## Robustness of Learning and Control

**Reason:** For possible future publication.

## 1

year(s)## 9

month(s)## 16

day(s)until file(s) become available

# Robustness of Learning and Control

Control systems and machine learning models need to be designed to be robust against various types of uncertainties. For instance, control for the power grid needs to be robust against both uncertain environmental inputs and adversarial actions (when a part of the system is compromised). Similarly, machine learning models need to be robust against noise in the training data and wrongly-picked features. While there exist general analytical frameworks for such questions, in practice they can still be challenging to study, especially when the space of the adversary’s actions is very large, or when the dependency between the uncertainty and the ultimate performance of the model is difficult to quantify. In my thesis, we have studied three such problems.

In this first problem, we study the robustness of the power grid against both uncertain environmental inputs and adversarial actions. Specifically, we consider distributed voltage control, where the reactive power injection of distributed energy resources (DERs) can be used to regulate the voltage across the power distribution network under uncertain renewable generation. However, enabling such reactive-power injection capability of DERs also opens the door for potential adversarial attacks. Somewhat surprisingly and contrary to the intuition that the reactive power injection at legitimate buses should help mitigating the voltage disruption inflicted by the adversary, we demonstrate that an intelligent attacker can actually exploit the response of the legitimate buses to amplify the damage by two times. Such a higher level of damage can be attained even when the adversary has no information about the network topology. We then formulate an optimization problem to limit the potential damage of such adversarial attacks, such that the voltage control target can be maintained under both uncertain renewable generation and adversarial actions when the fraction of compromised nodes is below a given limit.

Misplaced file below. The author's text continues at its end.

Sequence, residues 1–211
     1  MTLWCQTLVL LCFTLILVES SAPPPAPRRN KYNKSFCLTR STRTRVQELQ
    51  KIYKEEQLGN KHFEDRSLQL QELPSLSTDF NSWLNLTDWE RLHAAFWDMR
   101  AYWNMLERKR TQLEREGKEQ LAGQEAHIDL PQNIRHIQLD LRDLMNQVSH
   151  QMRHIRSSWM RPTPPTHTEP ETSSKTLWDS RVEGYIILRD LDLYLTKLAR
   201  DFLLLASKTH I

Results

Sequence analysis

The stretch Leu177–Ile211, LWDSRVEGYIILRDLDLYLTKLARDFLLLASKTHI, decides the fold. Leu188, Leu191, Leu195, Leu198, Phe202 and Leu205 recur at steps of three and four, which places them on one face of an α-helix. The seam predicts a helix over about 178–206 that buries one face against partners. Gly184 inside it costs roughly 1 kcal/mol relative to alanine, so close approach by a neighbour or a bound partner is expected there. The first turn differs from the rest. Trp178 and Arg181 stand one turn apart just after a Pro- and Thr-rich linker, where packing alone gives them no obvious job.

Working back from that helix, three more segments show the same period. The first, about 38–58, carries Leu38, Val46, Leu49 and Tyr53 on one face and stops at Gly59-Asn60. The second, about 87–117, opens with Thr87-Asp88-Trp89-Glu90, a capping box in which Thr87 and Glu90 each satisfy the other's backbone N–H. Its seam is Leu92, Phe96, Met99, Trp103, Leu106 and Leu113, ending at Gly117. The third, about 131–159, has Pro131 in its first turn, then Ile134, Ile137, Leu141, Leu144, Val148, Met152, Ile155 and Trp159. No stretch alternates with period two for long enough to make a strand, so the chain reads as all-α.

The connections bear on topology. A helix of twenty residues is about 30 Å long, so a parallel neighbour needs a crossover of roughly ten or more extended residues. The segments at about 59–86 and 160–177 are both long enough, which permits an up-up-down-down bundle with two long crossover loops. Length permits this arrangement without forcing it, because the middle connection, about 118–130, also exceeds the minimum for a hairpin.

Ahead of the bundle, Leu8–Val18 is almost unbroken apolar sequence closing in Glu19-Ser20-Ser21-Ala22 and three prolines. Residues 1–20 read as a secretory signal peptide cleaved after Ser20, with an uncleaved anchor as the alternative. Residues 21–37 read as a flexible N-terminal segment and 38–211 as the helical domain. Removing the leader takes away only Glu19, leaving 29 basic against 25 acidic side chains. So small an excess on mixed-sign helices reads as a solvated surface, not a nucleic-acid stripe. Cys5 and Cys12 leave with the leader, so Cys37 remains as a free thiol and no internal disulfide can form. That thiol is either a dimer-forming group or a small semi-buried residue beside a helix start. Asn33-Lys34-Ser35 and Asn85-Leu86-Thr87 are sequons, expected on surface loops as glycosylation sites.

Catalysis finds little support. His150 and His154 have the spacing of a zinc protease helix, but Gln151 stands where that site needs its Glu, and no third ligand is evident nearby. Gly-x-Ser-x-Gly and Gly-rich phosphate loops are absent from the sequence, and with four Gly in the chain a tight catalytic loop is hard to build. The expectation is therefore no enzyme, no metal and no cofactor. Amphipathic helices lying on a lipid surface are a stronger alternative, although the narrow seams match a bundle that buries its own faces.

In the second and third problems, we study the robustness of machine learning models against noise in the training data and wrongly-picked features under overparameterization. In classical statistical learning, it is well known that, when the model contains too many features, it may risk overfitting the noise in the training data and producing large test error. Somewhat mysteriously, it has been observed that, while modern deep neural networks (DNNs) have such a large number of layers and neurons that they can essentially fit arbitrary functions within a large class, they still produce models with good generalization power. As a first step towards understanding this phenomenon, a recent line of studies has focused on overparameterized linear models and studied their generalization power when the models overfit the training data. Specifically, in the second problem, we studied the min-L1-norm solution of linear models with Gaussian features that overfits. We show that its generalization error can approach the noise level when the number of features p is within a large range, while that of the min-L2-norm solution quickly approaches the "null risk" (i.e., of a model that always predicts zero) as p increases. Nonetheless, the generalization error of both min-L1-norm and min-L2-norm solutions eventually approaches the null risk when p approaches infinity. In the third problem, we study the overfitted neural tangent kernel (NTK) models that have a finite number of neurons, which can be viewed as a useful intermediate step towards modeling nonlinear neural networks and understanding their generalization performance. We show that, depending on the ground-truth function, the test error of overfitted NTK models exhibits characteristics that are different from the "double-descent" of other overparameterized linear models with simple Fourier or Gaussian features. Specifically, for a class of learnable functions, our new upper bound shows that the generalization error of overfitted NTK models approaches a small limiting value, even when the number of neurons p approaches infinity. This limiting value further decreases with the number of training samples n.